“The Deep” by Rivers Solomon, Daveed Diggs, William Hutson, Jonathan Snipes

Everyone loves this book. I was drawn to it because of the hype. It made me curious to see what it’s all about, and I also thought it was pretty cool that the inspiration for it came from a rap song. But although I appreciated what the story does, I didn’t like it as much as everyone else did.







Quick summary:

The Deep is a fantasy novella about a group of merpeople called the Wajinru who are actually descendants of African slaves. The protagonist, Yetu, serves as the historian for the Wajinru and is burdened with all the memories of her people’s traumatic experiences. She passes on these memories to other Wajinru in a ceremony called the Remembering, at the end of which she is supposed to take back the memories. But with such a heavy burden gone, Yetu takes the opportunity to escape the heavy responsibility of holding onto such painful history. (Goodreads)

My thoughts:

I read this novella in December last year. As I read, I remembered a quote from an NPR article I’d read earlier in the year in which one of my favorite authors, Marlon James, talked about his African mythology-inspired fantasy novel Black Leopard, Red Wolf. In the passage that comes to mind, he talks about slavery, origin stories, and the need for myths:

“…And it’s important that we know slavery and we understand it … but if I continue thinking the origin of my story, the origin of the story is colonialism and slavery, then eventually I’m going to feel as if I’m nothing more than a displaced person. So I think that’s one of the things — to actually tap into the original narratives, to tap into this sort of reservoir of stories. I think every society needs its myths, it’s what tells us who we are. So if I come from a people who didn’t have them, I’m going to start searching for them and trying to make some up.”

It’s the last bits of the quote above that I kept remembering as I read The Deep. To me, myths and legends are still being created and told and are still passed on in stories — novels, poems, songs, etc. I think myths are important. They help people make sense of their experiences, to interpret and make sense of their world and situations, and even to pass on their culture and practices. Part of the reason why I like The Deep is because it provides a myth about the African slavery experience.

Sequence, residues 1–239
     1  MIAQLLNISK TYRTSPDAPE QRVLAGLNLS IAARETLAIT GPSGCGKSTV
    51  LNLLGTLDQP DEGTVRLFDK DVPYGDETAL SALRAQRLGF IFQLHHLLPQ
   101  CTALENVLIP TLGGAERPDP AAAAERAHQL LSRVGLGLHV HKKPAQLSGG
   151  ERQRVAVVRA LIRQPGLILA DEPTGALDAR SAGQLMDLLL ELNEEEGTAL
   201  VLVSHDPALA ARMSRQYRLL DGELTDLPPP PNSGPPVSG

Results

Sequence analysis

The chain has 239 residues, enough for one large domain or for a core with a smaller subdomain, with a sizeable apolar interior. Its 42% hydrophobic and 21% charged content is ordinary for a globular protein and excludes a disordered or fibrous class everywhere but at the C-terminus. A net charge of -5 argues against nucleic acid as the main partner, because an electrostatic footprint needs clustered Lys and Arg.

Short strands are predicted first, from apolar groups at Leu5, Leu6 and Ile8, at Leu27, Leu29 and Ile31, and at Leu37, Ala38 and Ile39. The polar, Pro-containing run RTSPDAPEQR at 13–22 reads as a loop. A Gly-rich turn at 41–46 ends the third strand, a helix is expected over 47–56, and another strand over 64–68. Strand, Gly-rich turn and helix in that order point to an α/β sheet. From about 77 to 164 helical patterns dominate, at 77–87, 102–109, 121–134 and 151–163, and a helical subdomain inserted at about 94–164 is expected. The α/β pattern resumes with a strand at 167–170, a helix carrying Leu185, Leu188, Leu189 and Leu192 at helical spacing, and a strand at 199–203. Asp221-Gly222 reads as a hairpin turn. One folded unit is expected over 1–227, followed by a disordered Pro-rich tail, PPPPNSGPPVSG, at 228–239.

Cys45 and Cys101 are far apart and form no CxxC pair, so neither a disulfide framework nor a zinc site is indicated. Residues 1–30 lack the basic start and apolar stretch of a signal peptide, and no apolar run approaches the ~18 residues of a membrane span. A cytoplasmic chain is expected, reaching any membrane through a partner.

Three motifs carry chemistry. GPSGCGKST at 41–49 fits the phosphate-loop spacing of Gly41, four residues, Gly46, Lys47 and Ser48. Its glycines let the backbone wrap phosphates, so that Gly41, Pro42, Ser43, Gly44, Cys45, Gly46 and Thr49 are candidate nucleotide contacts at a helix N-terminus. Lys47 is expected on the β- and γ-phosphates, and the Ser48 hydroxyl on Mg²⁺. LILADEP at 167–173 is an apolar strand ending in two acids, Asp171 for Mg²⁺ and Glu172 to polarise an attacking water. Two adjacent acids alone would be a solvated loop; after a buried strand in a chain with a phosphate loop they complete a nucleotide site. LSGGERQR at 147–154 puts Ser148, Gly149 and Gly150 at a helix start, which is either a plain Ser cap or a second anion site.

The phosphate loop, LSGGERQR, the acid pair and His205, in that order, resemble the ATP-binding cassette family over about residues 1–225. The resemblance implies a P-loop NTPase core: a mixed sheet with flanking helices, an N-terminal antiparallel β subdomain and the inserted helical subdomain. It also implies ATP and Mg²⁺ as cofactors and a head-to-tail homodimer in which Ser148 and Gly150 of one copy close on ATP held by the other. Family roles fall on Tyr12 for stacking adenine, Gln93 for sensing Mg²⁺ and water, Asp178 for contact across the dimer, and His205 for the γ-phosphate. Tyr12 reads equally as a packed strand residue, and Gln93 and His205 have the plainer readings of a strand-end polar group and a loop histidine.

The myth: The children of pregnant African women who jumped or were thrown overboard slave ships became mermaids. For someone like me who loves fantasy stories and is enthralled by fantastic creatures such as mermaids, such a premise is highly appealing and is another reason why I was eager to read this story. I hardly ever find such stories about people like me or fantasy stories that touch on the experiences of the African diaspora.

The Deep is a fantastic presentation about the trauma of slavery, an experience so horrible that it’s torturous to place the responsibility of remembering it all on one person. The story talks about how such trauma is felt through generations (which I think is true in the story and in reality) and about who is responsible for carrying on/maintaining a people’s history — should that responsibility fall on just one person, or should all people of that society be responsible for remembering.

Yetu, the protagonist, struggles with this dilemma, wondering if she did right to leave her people with the memories of their horrific experiences. For much of the story, she doubts herself and debates this, which greatly annoyed me. I get that she cares for her people and is torn between that care and wanting a moment of respite where she’s not burdened with such memories, but her constant worrying with no action frustrated me. I wanted her to stop worrying and just go find out. But of course, she’s unable to do so.

I think much of my problems with the story stems from my frustration with Yetu. I also didn’t care for the romance that develops or what happens to any of the side characters. Actually, other than the myth about the wajinru and the backstory about the first wajinru, there’s not much else I liked about the story. I didn’t feel sucked into it. In fact, I felt a bit disconnected from the story. I really think it’s because I didn’t like the protagonist and the side characters weren’t fleshed out enough to make me favor them instead. However, I’d still recommend this to others. It is a story worth reading.

Overall: ★★☆☆☆ ½

I gave it a low rating because I didn’t connect with the story and the protagonist was frustrating, but I do recommend the book because it is a decent read and an interesting story about an aspect of the African slavery experience.

Buy | Borrow | Bypass

21 thoughts on ““The Deep” by Rivers Solomon, Daveed Diggs, William Hutson, Jonathan Snipes

  1. I have tried another of the author’s books and couldn’t get into that one. This one sounds like it might be more of the same for me. I keep trying to read these and failing. I don’t know that I want to try again even though the concepts and reasoning behind the writing appeals.
    x The Captain


  2. Same here, I couldn’t really get into this or connect with the characters at all. I think part of the issue is the short length. I just wasn’t as involved in the book as I could have been, even though the concept behind it is great.


  3. Oh, I’m sorry this one didn’t work for you. I heard a lot of good things, and the blurb was admittedly fascinating, but then when I was trying to get a feel for the whole story – like what happens after the main protagonist just ups the stakes – I couldn’t really find anything. It’s like it’s a great idea that hadn’t been fully realized.

    Liked by 1 person

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